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Conversations with Chris Tinard

Today we’d like to introduce you to Chris Tinard.

Hi Chris, we’d love for you to start by introducing yourself.
I’m a big risk taker. I started my business by taking a second mortgage on my house and jumping into an industry I knew nothing about. I first provided video services to attorneys, through a court reporting firm, it was consistent, and played well, but lacked the creativity and variety I was looking for. After 3 years the firm decided to use a different provider and I lost 99% of my business overnight.

I had built a strong relationship with another video professional name Eric Legnon. Eric’s clients were more on the marketing/broadcasting side of the industry and he offered to let me move into his office without charging me rent until I could land on my feet. I started helping him with some of his projects and learned a lot about the industry. Slowly I was able to land some of my clients and rebuild my business providing production services to corporate clients.

Today I service clients all around the US, was nominated twice for a Rocky Mountain Emmy Awards, and worked on everything from documentaries to TV shows, corporate videos, and network news. After 18 years, Eric and I, no longer share an office (we both work from home) but we still work together on many projects.

Would you say it’s been a smooth road, and if not what are some of the biggest challenges you’ve faced along the way?
It’s been a very rough road for many years. Building a consistent client base took a very long time. When I first got started I was what I call a Bottom Feeder, working for very little money, filming just about anything (my first paid job was a funeral). As my skills became better, I found myself in a difficult spot, my pricing was in line with large production companies in town, but I was not landing top clients, so I was expensive for the clients who reached out.

During that time I was only landing about 2% of the proposal I was sending out. I knew I had the skills to provide high-quality video services and could compete for large clients, so I kept grinding, 1 client at a time. I often would have weeks if not months between projects, so cash flow was a challenge. It was frustrating because the work was becoming good, I just didn’t have enough to be financially stable, and with 4 young children at home, it was a very stressful period.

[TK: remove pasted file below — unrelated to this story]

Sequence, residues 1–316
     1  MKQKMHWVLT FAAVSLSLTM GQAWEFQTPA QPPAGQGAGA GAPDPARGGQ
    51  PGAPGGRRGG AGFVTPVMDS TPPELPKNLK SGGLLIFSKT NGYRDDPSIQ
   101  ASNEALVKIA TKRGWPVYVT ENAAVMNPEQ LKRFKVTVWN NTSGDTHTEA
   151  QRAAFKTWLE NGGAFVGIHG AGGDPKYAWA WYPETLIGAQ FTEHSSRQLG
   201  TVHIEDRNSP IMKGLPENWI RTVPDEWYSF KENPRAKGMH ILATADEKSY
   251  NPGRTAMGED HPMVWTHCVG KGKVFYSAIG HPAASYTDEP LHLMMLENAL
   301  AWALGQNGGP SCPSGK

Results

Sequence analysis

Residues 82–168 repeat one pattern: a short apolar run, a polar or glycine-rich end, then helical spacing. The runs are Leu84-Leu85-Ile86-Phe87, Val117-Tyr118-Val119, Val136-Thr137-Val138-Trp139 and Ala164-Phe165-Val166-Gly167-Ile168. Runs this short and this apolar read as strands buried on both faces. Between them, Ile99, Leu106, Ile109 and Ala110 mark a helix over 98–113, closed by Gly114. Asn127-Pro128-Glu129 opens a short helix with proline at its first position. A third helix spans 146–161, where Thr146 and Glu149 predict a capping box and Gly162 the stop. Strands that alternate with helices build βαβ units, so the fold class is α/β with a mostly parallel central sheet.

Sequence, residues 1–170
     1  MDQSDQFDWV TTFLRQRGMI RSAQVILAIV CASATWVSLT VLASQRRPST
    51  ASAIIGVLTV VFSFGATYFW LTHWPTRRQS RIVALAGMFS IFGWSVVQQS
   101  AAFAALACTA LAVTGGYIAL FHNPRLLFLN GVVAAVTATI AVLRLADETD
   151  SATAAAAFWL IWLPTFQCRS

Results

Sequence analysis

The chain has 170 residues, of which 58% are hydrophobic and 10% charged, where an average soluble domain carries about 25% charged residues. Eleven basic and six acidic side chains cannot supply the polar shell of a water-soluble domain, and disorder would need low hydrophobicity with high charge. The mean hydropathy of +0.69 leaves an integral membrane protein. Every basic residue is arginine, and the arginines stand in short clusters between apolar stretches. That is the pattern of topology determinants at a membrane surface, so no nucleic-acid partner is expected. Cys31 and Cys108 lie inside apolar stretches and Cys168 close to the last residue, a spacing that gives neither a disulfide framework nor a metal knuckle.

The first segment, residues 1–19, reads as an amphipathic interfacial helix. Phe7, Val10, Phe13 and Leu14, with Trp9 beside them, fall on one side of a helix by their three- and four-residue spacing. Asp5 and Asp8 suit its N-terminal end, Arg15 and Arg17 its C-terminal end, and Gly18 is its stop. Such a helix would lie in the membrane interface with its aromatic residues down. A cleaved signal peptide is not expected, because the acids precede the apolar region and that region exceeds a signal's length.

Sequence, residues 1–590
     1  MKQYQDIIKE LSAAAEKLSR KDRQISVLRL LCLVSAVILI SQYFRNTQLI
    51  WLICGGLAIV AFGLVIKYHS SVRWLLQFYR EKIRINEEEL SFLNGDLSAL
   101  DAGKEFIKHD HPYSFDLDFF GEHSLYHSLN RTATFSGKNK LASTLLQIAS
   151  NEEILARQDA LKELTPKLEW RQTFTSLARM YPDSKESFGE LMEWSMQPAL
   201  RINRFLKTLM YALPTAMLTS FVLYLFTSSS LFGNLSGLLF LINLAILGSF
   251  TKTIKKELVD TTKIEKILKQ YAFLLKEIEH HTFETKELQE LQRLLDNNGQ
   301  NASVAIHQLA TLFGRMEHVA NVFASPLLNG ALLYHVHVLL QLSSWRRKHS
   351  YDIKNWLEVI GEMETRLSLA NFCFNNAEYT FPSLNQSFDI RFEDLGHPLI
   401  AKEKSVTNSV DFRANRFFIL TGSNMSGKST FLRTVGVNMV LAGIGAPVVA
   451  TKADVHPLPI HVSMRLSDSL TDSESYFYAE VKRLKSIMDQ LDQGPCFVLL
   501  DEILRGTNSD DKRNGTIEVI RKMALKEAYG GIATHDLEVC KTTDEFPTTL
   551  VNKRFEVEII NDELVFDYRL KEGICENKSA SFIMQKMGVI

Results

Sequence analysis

When I was just hanging by a thread financially, I landed a 1-year contract to provide video services every 2 weeks for a new client. It was enough to keep my head above water for a year. 13 years later I still service that client, and it provided the stability to grow the business to what it is today.

Can you tell our readers more about what you do and what you think sets you apart from others?
My favorite part of what I do is to take my client’s personality, culture, and who they are as an organization, along with their goals, and turn it into a visual story that not only is effective in reaching their goals but also representative of who they are. When you only have 30-90 seconds to communicate something, every shot used, and every soundbite have to have a purpose.

I love the creative process to find the right framing, applying intentional lighting to convey emotions, and purposefully using movement. I learned the art of interviewing people in a way that allows for the real story to be uncovered, not the story I think we should tell, but the story that maybe we didn’t prep for, that we didn’t even know existed. I am unique in the way I approach a project, often with very little preparation for the story.

I may prep about location, crew, equipment, and schedule… but when it comes to the actual story I don’t write any questions down, or do much research about the person I will be interviewing. It can be nerve-racking for my clients, it takes trust in my approach to delivering the content they are looking for, but in the end, the result is a very genuine heartfelt story that is very effective in reaching the audience on an emotional level, regardless of the topic.

Do you have any memories from childhood that you can share with us?
I grew up in Paris, France, my dad was an amazing artist (drawing) and a very creative person, who liked to build furniture, and an avid photographer who developed his pictures. Some of my favorite memories are going with him to the lumber yard to select wood for his next project. It was a magical world with an amazing smell, and to see the raw material and to watch him turn that into a long-lasting piece of furniture was amazing.

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